Case Analysis: Assessing the Goal of Sports Products, Inc.
Submitted by: Group 1
Prof. Jenely P. Sabio-Almirol
December 5, 2011
a. What should the management of Sports Products Inc. pursue as its overriding goal? Why?
The management of Sports Products Inc. should pursue maximization of shareholders’ wealth as its paramount goal. As far as we know, the stockholders are the owners of the firm and the ones bearing the most risk in running it. In line with this, the board of directors and/or the management is elected to take charge of the resources of the aforementioned party. As you see, it is plausible for the shareholders to benefit from the firm – the only way they gain is for the stock price to rise. As per the case, the firm has never paid dividends during its 20-year history. Furthermore, the stock price had declined nearly $2 per share over the past 9 months which doesn’t favor the shareholders at all. Our team deems it necessary to modify the company’s goal.
b. Does the firm appear to have an agency problem? Explain.
The firm appears to have an agency problem in this case.
The conflict of the contractual relationship between the shareholders and the board of directors is so obvious that even the subordinates began to question the decision-making ability of the financial managers. Manipulations such as the vile treatment to the environment and the so-called pollution control can hardly explain how profit rise and stock price decline at the same period. It appears that [the nature of the agency contract cannot fully prevent the parties from pursuing self-interest upon the expense of the other.1]
[Shareholders’ preferences are to maximize the value of the firm’s equity; Managers prefer to engage in activities that maximize their own return.2] As of current result, the managers’ interest seems to overrule. Therefore neglecting what they are bound to do – to perform service.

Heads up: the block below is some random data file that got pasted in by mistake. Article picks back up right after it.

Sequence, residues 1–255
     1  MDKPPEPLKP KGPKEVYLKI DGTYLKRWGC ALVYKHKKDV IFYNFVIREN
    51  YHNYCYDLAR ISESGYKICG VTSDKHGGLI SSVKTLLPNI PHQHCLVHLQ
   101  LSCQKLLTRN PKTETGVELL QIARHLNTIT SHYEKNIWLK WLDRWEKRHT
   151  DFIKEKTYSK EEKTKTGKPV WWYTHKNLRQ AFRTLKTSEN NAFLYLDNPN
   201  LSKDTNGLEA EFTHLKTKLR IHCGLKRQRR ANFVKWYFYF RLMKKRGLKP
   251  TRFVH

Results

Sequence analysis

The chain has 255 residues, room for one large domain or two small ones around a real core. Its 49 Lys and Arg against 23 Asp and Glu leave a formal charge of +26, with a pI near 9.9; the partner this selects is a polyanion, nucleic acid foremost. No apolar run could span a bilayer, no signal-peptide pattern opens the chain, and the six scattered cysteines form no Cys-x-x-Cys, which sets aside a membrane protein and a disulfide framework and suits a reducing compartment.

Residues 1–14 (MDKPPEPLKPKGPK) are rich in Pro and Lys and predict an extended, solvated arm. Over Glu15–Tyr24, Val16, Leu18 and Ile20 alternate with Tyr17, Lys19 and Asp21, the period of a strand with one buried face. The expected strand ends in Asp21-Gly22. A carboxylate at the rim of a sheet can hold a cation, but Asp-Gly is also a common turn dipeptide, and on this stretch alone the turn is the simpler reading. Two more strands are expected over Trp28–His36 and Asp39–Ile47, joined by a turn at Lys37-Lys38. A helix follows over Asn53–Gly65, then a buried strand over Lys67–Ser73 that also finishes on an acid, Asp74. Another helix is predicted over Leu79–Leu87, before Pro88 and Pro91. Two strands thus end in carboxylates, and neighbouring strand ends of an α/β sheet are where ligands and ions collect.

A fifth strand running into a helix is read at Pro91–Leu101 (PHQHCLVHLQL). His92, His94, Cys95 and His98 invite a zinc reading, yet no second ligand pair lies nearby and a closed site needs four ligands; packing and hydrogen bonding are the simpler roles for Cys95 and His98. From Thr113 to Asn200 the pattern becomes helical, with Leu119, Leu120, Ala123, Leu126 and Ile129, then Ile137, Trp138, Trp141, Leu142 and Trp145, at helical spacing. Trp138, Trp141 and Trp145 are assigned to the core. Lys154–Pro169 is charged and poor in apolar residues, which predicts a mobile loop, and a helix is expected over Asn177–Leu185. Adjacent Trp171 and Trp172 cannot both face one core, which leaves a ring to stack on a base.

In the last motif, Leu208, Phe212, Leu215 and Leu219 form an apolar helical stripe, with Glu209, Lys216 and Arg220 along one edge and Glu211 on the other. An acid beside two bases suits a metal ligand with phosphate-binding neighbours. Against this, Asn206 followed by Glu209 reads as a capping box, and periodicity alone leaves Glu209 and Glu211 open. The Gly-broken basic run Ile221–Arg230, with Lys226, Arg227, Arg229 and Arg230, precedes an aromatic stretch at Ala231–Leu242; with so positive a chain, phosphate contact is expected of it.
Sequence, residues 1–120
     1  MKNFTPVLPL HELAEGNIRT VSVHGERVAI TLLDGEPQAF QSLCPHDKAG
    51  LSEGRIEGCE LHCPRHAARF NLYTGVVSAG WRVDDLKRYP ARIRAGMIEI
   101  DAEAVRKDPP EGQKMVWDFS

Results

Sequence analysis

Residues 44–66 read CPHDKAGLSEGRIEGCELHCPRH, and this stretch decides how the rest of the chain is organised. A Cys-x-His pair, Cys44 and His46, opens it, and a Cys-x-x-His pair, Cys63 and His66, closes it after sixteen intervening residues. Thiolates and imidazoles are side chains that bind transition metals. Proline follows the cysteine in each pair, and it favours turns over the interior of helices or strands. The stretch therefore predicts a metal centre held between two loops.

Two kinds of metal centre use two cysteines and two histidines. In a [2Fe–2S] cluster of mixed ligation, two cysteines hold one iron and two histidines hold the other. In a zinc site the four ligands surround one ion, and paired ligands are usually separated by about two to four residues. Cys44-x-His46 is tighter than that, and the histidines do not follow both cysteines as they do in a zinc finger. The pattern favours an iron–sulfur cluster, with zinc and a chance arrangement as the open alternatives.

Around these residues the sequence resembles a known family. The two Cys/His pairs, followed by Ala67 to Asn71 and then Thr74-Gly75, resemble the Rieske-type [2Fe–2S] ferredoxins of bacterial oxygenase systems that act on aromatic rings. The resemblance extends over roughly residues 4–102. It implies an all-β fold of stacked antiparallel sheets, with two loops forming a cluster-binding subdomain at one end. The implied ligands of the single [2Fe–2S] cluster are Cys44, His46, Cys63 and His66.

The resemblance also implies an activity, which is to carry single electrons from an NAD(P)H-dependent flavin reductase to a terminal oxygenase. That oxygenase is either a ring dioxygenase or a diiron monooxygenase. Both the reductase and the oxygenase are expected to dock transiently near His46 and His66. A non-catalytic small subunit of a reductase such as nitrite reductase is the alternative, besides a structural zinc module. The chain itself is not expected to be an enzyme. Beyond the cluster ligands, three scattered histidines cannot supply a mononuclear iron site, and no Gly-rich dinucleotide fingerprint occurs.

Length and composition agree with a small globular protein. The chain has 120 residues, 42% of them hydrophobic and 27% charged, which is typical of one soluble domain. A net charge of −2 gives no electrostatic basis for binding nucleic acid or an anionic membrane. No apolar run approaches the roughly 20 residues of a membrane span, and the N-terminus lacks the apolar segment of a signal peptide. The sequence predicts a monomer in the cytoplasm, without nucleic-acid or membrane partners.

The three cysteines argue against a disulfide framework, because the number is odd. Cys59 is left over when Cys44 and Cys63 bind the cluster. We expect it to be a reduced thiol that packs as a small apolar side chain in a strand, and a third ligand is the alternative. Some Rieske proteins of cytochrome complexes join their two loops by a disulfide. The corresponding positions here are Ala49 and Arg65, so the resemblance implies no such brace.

c. Evaluate the firm’s approach to pollution control. Does it seem to be ethical? Why might incurring the expense to control pollution be in the best interests of the firm’s owners despite its negative effect on profits?
With limited information on hand, the team can hardly evaluate the firm’s approach to pollution control. Despite of that, the firm’s desperate measure to save what was left for the community doesn’t appear to be voluntary at all. It actually takes legal actions before the business entity comply with the law. Nevertheless, it seems that they were spending much resource that naturally affects their profitability.
The company’s manner doesn’t look to be ethical. Intended dumping pollutants aside, it violated the law, Presidential Decree 979: Marine Pollution Decree of 1976  in particular. Disposal of wastes that creates a hazard on human health and marine life is the subject of the mentioned decree which is being debased by the firm. Moreover, a life being at stake is lawlessness after all. A business cannot claim to be ethical if it ignores environmental standards.
Incurring the expense to control pollution is in the best interests of the firm’s owners because it guarantees the firm’s long term profits and stock price aggressiveness. It is clear that the shareholders are the risk-averter in this case. They do not seek the government’s and the environmental officials’ attention for it cause very high risk to their business. Being watched by the authorities is the last thing that a business entity would want for it means so much more than the taxes, court cases, other legal appointments and invitations. It means that the life of the business is at stake. Considering this, if the firm doesn’t take the necessary actions there would be too much risk for an investor...
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